We tell our fieldwork partners who we’re looking for, we check the screener they’ve whipped-up, it goes out into ‘the field’ and then some people show up. As brilliant as they are, I was very interested when I saw that the AQR was doing a course that could potentially illuminate some of the process for me, if only to understand more of what they do.

I’m pleased to report it did more than just that. Run by three experts in the field (pun intended) in James Diggle of Criteria, Becki Harrison of Acumen and hosted by Caroline Noon of The Sound, the course covered the fundamentals of fieldwork as well as the more intangible factors such as expectation management, which, as I came to learn, are equally critical to quality recruitment.

The day started off with some quick introductions around the tables before Caroline gave us an overview of just why qualitative recruitment matters so much. Given the fact methodologies frequently require more and more engagement with respondents, she explained that good recruitment has never been more important. As someone who has tended to view it as a means to an end, this was a vital reminder of why we need to get it right.

We then moved on to the process itself. Becki took us through the different methods recruiters use to find people, from the little black book of traditional recruiters to the increasing use of digital tools. Next, James gave an extremely informative overview of the MRS code of conduct. It was a real eye opener to understand the ins and outs of the ‘rule’ book and reassuring, from a researcher’s perspective, the lengths field agencies go to implement quality control of recruitment. After lunch we turned our attention to the all-important screener and the common pitfalls to avoid, namely, try not to lead the respondent!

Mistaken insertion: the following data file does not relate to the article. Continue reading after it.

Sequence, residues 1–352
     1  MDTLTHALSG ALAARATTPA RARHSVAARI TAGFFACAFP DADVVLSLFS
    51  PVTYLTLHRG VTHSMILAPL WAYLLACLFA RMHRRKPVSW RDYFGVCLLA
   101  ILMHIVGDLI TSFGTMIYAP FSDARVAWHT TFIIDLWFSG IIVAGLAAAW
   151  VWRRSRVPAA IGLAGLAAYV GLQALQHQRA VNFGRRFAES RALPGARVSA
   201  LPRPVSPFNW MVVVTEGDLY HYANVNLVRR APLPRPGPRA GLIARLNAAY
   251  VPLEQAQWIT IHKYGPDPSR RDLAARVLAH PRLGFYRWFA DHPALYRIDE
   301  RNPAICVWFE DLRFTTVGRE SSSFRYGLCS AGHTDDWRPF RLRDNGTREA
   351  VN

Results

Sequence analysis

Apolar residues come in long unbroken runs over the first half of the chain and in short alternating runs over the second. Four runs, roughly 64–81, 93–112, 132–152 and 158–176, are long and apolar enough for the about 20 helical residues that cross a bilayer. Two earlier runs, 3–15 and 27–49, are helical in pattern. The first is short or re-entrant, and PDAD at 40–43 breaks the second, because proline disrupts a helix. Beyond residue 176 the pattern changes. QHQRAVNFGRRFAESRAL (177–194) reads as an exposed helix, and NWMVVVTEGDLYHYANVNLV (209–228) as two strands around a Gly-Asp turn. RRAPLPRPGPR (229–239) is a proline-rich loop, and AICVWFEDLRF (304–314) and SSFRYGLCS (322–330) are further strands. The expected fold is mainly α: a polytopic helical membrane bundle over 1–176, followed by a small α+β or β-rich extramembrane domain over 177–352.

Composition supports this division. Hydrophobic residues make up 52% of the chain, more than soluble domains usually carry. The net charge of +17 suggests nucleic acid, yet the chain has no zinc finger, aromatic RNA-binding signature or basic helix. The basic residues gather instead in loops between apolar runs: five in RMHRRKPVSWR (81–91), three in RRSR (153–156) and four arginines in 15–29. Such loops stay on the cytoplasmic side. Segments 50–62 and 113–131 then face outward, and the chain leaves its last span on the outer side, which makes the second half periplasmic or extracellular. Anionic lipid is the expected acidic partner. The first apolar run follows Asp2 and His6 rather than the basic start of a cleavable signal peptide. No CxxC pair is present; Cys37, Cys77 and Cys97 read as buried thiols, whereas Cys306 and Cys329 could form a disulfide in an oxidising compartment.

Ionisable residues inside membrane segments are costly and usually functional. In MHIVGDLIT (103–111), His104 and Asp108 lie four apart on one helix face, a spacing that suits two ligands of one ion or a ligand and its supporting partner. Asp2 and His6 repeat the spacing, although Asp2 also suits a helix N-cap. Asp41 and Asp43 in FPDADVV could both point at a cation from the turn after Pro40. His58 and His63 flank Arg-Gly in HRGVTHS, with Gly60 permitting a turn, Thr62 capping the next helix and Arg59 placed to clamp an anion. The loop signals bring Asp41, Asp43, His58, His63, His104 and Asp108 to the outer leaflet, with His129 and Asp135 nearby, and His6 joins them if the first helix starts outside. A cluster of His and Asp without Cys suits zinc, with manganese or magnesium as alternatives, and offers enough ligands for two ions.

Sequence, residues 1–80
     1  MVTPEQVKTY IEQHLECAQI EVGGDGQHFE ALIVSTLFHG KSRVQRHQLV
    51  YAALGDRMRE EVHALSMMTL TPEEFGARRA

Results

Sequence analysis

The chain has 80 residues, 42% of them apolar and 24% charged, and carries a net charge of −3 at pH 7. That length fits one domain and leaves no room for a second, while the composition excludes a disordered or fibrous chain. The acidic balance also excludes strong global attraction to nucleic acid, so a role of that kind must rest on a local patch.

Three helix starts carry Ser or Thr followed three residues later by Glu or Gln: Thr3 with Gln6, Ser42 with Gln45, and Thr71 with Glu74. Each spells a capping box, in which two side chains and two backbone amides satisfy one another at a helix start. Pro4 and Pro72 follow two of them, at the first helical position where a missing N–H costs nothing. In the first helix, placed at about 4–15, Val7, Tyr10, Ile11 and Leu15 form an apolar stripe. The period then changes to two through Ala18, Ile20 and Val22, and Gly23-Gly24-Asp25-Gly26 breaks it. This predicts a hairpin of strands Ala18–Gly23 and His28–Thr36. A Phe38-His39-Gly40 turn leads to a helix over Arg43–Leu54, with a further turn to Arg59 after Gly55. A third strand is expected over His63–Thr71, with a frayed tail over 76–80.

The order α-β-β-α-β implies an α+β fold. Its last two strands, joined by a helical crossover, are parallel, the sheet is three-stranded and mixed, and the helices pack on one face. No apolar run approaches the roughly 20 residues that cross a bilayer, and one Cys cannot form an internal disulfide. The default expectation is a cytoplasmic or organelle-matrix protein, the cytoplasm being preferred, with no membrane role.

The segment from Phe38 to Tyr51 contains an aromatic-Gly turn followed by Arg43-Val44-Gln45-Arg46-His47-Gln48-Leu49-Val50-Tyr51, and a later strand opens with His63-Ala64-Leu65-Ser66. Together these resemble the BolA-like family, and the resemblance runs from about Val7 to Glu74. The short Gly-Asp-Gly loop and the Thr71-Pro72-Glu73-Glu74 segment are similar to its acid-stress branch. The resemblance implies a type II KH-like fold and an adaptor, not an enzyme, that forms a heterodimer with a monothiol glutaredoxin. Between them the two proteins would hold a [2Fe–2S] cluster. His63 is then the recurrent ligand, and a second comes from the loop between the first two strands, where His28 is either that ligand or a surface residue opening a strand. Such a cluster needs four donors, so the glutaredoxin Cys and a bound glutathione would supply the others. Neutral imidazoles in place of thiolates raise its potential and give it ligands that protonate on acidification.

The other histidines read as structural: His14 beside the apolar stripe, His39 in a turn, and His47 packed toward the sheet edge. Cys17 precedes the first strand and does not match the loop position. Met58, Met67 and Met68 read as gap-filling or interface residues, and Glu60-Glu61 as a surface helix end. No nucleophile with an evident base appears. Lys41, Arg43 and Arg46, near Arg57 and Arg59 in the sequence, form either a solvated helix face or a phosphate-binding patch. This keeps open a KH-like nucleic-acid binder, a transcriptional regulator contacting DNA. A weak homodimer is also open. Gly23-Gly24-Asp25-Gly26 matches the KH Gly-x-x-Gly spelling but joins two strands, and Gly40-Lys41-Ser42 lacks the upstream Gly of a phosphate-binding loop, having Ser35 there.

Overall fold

With so many fieldwork professionals in the room the course also proved a rare opportunity to see things from the other side, as it were. As researchers, our stock in trade is empathy — both to understand our clients’ problems and our respondents’ perspectives. But on hearing stories of ridiculous briefs, impossible deadlines and unheeded advice, it dawned on me how little we empathise with the people who source those respondents for us. That many in the profession adopt a ‘no news is good news’ policy for want of feedback when things go well only underlined this for me.

Indeed, the main thing I’ve taken from the day is how inter-connected we all are when it comes to fieldwork. Starting from the client’s brief to the spec we send to the field agency to the recruiters themselves, we’re all invested in the process. Thus, it’s crucial we work together effectively, push back when needed and, yes, try to see things from the other’s perspective.